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J Nucl Med. 2008 Jul;49(7):1038-46. doi: 10.2967/jnumed.107.050187. Epub 2008 Jun 13.

Treatment monitoring by 18F-FDG PET/CT in patients with sarcomas: interobserver variability of quantitative parameters in treatment-induced changes in histopathologically responding and nonresponding tumors.

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Ahmanson Biological Imaging Division, Department of Molecular and Medical Pharmacology, University of California at Los Angeles, Los Angeles, California, USA.


Measurements of tumor glucose use by (18)F-FDG PET need to be standardized within and across institutions. Various parameters are used for measuring changes in tumor glucose metabolic activity with (18)F-FDG PET in response to cancer treatments. However, it is unknown which of these provide the lowest variability between observers. Knowledge of the interobserver variability of quantitative parameters is important in sarcomas as these tumors are frequently large and demonstrate heterogeneous (18)F-FDG uptake.


A total of 33 patients (16 men, 17 women; mean age, 47 +/- 18 y) with high-grade sarcomas underwent (18)F-FDG PET/CT scans before and after neoadjuvant chemotherapy. Two independent investigators measured the following parameters on the pretreatment and posttreatment scans: maximum standardized uptake value (SUVmax), peak SUV (SUVpeak), mean SUV (SUVmean), SUVmean in an automatically defined volume (SUVauto), and tumor-to-background ratio (TBR). The variability of the different parameters was compared by concordance correlation coefficient (CCC), variability effect coefficient, and Bland-Altman plots.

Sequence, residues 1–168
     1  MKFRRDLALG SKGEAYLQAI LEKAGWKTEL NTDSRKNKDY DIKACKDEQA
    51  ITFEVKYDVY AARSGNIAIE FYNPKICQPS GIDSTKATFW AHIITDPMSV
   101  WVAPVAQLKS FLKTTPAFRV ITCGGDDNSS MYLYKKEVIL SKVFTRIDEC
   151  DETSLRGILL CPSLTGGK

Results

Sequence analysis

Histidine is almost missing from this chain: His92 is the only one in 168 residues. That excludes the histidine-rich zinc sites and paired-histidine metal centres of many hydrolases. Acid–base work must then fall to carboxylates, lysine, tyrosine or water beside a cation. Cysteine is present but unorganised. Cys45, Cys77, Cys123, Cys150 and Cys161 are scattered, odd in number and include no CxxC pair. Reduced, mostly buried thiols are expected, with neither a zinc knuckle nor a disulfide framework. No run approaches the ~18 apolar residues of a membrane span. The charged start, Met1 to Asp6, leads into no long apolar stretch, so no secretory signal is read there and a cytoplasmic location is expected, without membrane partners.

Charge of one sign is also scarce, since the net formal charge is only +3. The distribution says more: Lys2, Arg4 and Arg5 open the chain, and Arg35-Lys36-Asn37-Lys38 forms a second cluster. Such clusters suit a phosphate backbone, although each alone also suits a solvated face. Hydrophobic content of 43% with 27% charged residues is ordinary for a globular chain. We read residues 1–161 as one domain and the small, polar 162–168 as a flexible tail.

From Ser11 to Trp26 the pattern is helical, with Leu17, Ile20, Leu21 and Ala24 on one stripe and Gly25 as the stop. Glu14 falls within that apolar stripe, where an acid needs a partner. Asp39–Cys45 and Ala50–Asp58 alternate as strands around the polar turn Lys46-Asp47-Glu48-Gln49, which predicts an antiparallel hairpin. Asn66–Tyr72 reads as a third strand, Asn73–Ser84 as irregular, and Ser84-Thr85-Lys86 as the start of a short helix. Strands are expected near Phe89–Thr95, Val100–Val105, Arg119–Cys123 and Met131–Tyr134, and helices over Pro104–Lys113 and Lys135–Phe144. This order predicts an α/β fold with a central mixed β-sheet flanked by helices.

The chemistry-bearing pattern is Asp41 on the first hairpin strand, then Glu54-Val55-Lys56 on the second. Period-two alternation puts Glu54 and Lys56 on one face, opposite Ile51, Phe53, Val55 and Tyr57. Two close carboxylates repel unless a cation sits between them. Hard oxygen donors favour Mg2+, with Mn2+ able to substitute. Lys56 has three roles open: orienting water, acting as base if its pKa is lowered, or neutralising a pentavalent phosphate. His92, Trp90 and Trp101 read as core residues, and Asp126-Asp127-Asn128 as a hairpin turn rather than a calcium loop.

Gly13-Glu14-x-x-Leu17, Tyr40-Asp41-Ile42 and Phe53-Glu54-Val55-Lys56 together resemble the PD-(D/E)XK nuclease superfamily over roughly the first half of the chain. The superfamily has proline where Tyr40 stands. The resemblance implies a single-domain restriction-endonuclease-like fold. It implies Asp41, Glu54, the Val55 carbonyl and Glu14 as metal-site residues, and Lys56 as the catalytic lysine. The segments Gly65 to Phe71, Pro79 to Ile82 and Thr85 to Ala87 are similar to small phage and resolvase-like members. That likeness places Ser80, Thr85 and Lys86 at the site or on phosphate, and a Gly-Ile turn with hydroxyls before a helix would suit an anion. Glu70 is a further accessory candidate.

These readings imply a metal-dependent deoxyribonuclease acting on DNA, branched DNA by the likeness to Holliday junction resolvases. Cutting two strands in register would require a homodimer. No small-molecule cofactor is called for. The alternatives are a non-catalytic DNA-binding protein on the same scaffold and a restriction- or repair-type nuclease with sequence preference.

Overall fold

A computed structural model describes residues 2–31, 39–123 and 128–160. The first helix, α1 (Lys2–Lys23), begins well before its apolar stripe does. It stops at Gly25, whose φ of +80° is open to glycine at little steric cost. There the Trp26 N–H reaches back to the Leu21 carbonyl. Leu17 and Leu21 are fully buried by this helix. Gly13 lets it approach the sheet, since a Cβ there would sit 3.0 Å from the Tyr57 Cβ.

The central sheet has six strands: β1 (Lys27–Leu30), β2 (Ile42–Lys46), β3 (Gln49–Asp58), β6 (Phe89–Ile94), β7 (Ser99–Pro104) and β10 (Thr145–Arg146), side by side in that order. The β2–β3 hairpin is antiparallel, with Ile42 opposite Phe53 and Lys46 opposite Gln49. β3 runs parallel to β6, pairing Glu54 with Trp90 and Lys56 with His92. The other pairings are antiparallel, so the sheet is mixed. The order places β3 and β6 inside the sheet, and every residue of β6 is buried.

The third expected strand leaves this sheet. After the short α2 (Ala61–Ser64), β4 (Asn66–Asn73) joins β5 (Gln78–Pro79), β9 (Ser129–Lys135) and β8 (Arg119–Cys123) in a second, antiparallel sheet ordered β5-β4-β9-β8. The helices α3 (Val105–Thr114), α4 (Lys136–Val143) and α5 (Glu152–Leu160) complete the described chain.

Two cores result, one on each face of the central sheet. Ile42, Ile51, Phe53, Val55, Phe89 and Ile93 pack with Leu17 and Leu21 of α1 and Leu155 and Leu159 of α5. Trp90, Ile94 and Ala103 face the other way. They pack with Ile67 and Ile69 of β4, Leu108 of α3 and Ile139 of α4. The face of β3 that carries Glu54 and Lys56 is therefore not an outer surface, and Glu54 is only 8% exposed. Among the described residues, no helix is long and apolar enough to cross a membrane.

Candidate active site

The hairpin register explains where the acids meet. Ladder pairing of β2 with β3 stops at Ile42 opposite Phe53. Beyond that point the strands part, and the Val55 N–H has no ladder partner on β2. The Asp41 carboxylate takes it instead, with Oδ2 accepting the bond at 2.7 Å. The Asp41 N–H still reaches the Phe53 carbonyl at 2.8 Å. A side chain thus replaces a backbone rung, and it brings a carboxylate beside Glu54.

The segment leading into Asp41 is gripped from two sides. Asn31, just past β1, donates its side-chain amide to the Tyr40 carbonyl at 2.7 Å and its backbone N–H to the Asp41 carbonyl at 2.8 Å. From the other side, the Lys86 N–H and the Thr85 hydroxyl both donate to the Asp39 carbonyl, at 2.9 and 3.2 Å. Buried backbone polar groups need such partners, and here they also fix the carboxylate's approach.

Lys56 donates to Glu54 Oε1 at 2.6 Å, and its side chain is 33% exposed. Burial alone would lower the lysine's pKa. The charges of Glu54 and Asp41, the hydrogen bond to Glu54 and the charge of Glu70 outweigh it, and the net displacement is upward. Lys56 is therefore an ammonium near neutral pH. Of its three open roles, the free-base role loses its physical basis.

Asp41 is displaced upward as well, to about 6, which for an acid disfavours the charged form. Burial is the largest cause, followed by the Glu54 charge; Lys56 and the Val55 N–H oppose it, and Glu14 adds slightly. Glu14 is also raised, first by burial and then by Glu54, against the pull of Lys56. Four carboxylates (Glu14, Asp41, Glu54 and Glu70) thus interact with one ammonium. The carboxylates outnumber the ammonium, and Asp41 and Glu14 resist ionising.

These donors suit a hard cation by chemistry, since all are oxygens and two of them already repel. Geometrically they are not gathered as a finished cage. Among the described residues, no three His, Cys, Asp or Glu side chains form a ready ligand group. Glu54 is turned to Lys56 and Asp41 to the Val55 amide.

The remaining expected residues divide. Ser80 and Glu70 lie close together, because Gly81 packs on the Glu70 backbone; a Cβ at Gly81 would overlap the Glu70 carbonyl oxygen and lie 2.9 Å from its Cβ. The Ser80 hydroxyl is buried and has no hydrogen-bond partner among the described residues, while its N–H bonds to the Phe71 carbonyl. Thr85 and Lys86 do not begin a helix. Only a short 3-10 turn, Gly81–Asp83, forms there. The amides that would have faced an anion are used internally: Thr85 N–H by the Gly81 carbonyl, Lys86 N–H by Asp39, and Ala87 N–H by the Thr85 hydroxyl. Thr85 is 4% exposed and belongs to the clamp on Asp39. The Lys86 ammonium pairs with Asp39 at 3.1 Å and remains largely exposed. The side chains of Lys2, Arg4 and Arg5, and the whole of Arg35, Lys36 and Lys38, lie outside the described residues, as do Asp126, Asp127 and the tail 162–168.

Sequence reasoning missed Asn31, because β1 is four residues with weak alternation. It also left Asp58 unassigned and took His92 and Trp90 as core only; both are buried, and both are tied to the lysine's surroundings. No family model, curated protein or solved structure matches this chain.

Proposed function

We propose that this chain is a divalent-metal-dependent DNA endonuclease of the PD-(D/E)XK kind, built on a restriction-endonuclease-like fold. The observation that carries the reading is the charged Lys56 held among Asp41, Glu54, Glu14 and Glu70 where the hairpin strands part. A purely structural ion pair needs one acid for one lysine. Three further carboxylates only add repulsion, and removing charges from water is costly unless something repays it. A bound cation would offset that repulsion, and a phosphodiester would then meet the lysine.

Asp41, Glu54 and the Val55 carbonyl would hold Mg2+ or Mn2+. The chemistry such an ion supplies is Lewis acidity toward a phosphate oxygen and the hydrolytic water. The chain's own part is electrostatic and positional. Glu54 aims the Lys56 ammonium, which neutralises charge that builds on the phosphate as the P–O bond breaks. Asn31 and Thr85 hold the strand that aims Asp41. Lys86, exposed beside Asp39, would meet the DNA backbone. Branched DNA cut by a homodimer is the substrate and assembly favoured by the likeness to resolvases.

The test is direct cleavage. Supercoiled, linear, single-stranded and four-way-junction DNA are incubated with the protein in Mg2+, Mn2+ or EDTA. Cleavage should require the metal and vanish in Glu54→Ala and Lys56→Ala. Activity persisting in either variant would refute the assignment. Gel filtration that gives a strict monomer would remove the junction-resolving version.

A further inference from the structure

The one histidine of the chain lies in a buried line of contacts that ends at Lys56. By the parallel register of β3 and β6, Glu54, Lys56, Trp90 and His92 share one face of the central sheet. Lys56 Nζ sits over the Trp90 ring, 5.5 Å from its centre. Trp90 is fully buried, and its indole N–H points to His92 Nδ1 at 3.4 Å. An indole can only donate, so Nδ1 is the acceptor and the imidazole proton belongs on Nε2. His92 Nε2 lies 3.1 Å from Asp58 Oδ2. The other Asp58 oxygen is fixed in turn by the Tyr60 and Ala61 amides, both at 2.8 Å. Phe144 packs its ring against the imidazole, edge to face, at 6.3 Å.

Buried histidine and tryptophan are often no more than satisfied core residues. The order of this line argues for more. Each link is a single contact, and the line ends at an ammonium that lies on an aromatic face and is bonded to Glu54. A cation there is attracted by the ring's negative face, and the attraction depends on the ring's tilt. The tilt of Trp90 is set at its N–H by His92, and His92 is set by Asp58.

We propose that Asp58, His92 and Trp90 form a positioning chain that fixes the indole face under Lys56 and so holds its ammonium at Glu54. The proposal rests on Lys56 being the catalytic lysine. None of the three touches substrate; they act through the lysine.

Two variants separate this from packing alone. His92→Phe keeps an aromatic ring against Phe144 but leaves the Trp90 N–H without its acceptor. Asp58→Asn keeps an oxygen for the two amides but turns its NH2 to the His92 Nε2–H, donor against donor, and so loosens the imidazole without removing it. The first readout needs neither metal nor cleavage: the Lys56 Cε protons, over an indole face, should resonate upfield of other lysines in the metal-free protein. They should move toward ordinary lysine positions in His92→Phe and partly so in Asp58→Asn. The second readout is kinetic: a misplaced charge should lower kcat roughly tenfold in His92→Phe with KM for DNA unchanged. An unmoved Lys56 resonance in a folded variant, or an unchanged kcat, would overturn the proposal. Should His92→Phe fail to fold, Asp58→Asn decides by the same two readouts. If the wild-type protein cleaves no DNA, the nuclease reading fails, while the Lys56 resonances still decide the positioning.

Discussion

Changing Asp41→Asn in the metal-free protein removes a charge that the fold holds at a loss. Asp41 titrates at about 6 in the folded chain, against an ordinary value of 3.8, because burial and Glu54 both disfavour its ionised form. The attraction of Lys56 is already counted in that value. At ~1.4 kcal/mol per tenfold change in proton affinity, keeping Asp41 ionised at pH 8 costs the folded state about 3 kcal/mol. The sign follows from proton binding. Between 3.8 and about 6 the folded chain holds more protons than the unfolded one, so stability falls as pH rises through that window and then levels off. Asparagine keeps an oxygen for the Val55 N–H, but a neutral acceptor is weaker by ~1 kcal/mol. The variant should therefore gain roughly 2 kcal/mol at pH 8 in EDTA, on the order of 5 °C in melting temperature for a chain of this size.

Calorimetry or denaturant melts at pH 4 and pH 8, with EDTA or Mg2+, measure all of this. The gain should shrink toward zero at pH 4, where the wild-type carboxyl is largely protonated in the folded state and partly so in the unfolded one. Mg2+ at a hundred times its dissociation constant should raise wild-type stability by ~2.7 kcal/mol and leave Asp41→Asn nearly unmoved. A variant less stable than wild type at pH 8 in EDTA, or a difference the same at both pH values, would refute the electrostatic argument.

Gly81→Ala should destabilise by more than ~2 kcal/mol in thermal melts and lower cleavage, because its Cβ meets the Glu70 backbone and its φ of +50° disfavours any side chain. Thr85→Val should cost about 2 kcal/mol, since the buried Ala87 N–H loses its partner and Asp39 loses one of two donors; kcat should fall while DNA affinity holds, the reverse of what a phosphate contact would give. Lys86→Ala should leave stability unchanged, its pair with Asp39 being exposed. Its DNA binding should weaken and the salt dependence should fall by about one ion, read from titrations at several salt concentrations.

Baseline SUVmax, SUVpeak, SUVmean, SUVauto, and TBR averaged 10.36, 7.78, 4.13, and 6.22 g/mL and 14.67, respectively. They decreased to 5.36, 3.80, 1.79, and 3.25 g/mL and 6.62, respectively, after treatment. SUVmax, SUVpeak, and SUVauto measurements and their changes were reproducible (CCC > or = 0.98). However, SUVauto poorly differentiated between responding and nonresponding tumors. The high intratumoral heterogeneity of (18)F-FDG resulted in frequent failure of the thresholding algorithm, which necessitated manual corrections that in turn resulted in a higher interobserver variability of SUVmean (CCCs for follow-up and change were 0.96 and 0.91, respectively; P < 0.005). TBRs also showed a significantly higher variability than did SUVpeak (CCCs for follow-up and change were 0.94 and 0.86, respectively; P < 0.005).


SUVmax and SUVpeak provided the most robust measurements of tumor glucose metabolism in sarcomas. Delineation of the whole-tumor volume by semiautomatic thresholding did not decrease the variability of SUV measurements. TBRs were significantly more observer-dependent than were absolute SUVs. These findings should be considered for standardization of clinical (18)F-FDG PET/CT trials.

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